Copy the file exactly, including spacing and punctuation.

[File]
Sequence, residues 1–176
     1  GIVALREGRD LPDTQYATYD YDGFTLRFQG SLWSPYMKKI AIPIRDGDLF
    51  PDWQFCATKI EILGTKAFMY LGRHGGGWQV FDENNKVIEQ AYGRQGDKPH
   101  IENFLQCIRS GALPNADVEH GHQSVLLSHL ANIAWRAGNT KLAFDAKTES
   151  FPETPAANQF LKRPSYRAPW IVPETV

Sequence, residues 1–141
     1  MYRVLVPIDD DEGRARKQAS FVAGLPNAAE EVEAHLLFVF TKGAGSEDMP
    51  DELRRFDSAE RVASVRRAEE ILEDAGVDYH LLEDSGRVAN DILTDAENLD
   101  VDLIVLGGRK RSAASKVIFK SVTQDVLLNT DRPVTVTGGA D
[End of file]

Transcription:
Sequence, residues 1–176
     1  GIVALREGRD LPDTQYATYD YDGFTLRFQG SLWSPYMKKI AIPIRDGDLF
    51  PDWQFCATKI EILGTKAFMY LGRHGGGWQV FDENNKVIEQ AYGRQGDKPH
   101  IENFLQCIRS GALPNADVEH GHQSVLLSHL ANIAWRAGNT KLAFDAKTES
   151  FPETPAANQF LKRPSYRAPW IVPETV

Sequence, residues 1–141
     1  MYRVLVPIDD DEGRARKQAS FVAGLPNAAE EVEAHLLFVF TKGAGSEDMP
    51  DELRRFDSAE RVASVRRAEE ILEDAGVDYH LLEDSGRVAN DILTDAENLD
   101  VDLIVLGGRK RSAASKVIFK SVTQDVLLNT DRPVTVTGGA D